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Saturday, February 9, 2002

A friend repeatedly tells me of the many people he personally knows who wouldn’t even miss if a lakh of rupees was stolen from them and whose life style wouldn’t change one bit if they should suddenly lose 10 lakhs or more. But these very people would wince if approached to support any worthy public cause or activity. People who brag about their financial successes clam-up and withdraw like snails when anyone suggests such contributions. But they are ever willing to fund monuments to their egos.

Happily there are several people whose genuine acts of generosity make life in our country

more bearable and hopeful. However such efforts are too few and far between. When problems are gargantuan the efforts should be gigantic.

Social capital is an alien concept in our country. All of us want to earn and earn, and acquire

assets, in the vain hope that large homes, accumulation of jewelry and huge bank balances

provide us security. We fortify our homes and live as prisoners. But the moment we step

out, mosquitoes swarm us, public defecation nauseates us, filth infects our lungs, traffic jams enervate us, and all pervasive corruption emasculates us. Where then is the escape?

We have to come to terms with the realities of human existence. We should realize that we all have to hang together. We cannot live in ivory towers. No matter how rich a person is, there is no individual salvation. We all share a common fate and collective destiny. Good schools, quality health care, pleasant neighbourhoods, green parks, good playgrounds, safe traffic, smooth roads, crime-free society and corruption-free government — only these can provide security. Armed with this security people can pursue their interests, be it business, philosophy, physics or painting. No matter what the government does, or does not do, we need to do a lot to make our life better. That’s what the philanthropists and civil society in the west understand.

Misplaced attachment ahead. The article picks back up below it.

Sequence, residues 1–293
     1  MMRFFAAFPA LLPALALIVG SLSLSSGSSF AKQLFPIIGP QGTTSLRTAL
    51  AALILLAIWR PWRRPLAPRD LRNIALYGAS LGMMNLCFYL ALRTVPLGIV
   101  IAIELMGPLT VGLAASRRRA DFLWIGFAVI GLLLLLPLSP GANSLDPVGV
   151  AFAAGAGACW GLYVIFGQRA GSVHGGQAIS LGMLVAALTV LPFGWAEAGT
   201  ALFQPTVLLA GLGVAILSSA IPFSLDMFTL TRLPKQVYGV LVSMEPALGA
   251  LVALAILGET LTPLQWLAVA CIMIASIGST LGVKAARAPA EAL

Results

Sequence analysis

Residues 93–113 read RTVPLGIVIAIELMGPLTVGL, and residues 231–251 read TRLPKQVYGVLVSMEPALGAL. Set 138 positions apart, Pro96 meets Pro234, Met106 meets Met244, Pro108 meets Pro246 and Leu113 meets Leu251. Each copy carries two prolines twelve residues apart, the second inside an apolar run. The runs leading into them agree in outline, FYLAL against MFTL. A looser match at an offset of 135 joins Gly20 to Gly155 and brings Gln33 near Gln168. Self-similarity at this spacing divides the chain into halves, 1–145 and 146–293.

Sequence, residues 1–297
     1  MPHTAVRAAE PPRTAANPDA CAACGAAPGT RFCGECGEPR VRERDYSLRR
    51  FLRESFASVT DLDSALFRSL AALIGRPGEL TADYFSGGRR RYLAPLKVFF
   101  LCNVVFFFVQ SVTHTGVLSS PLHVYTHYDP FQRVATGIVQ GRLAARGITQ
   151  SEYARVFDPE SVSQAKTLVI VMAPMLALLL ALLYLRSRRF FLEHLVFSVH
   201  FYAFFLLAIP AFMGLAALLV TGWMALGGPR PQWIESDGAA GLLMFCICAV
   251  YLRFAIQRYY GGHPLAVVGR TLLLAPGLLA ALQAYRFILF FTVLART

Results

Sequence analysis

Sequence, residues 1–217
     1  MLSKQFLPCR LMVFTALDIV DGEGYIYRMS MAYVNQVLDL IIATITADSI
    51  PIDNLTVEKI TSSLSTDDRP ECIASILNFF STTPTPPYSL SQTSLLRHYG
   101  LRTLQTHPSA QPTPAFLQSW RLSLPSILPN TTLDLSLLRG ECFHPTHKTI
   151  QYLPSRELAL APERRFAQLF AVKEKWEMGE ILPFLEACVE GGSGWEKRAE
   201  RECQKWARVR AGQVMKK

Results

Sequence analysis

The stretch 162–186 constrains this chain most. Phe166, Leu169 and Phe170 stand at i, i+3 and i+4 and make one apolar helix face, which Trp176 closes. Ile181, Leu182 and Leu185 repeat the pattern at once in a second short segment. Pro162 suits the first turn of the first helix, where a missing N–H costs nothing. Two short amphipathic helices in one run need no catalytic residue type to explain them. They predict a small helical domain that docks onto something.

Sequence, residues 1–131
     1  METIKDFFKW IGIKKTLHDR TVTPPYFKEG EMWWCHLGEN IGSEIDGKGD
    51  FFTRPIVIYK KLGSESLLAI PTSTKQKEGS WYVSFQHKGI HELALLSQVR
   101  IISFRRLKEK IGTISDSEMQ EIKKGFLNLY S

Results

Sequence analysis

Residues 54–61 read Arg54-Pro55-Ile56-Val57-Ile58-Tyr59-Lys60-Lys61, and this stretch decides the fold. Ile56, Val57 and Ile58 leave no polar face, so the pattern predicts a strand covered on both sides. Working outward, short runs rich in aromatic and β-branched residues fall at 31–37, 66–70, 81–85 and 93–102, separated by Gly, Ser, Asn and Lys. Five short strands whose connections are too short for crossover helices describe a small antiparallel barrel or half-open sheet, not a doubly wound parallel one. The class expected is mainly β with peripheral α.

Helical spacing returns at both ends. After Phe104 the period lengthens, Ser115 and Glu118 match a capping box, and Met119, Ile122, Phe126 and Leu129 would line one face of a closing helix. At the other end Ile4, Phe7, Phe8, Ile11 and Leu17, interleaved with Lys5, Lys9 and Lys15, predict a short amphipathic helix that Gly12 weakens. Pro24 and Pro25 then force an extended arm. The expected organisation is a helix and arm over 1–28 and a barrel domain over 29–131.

In the west, several private foundations like Ford, Kellogg, Rockefeller, Mellon, Carnegie

promote public causes assiduously. Many hospitals, public parks and other public services

have been entirely privately funded. Even the recent effort of Bill Gates to help eradicate

preventable disease from the globe is a good illustration of the ease with which private wealth is utilized for public gain. Universities like Harvard, Yale, Cornell, Vanderbilt, Stanford,

McGill, Duke — all of which have been built through private charities — are the magnets

attracting our youngsters.

The privileged classes in India have not yet recognized that they owe much of their wealth

and success to society. Many of our rich are only too happy to fund an unworthy candidate

or a corrupt politician. How else would it be possible to spend Rs50 – 100 lakhs for an

Assembly election or Rs 20 lakhs for a municipal election? When a local warlord or mafia

boss makes demands, many are ready and willing to pay huge sums to save their skins. And of course ‘good causes’ like caste associations and temples always find money.

We, the urban middle and affluent classes, need to rethink our role in society. Private gain and public good are an inseparable whole. Many social goods that make life worth living can be created only by philanthropy. The state can at best play a supportive role creating a system of high reward for desirable behaviour and high risk for unacceptable conduct. Hyderabad, with its rich legacy should show the way to the rest of India.

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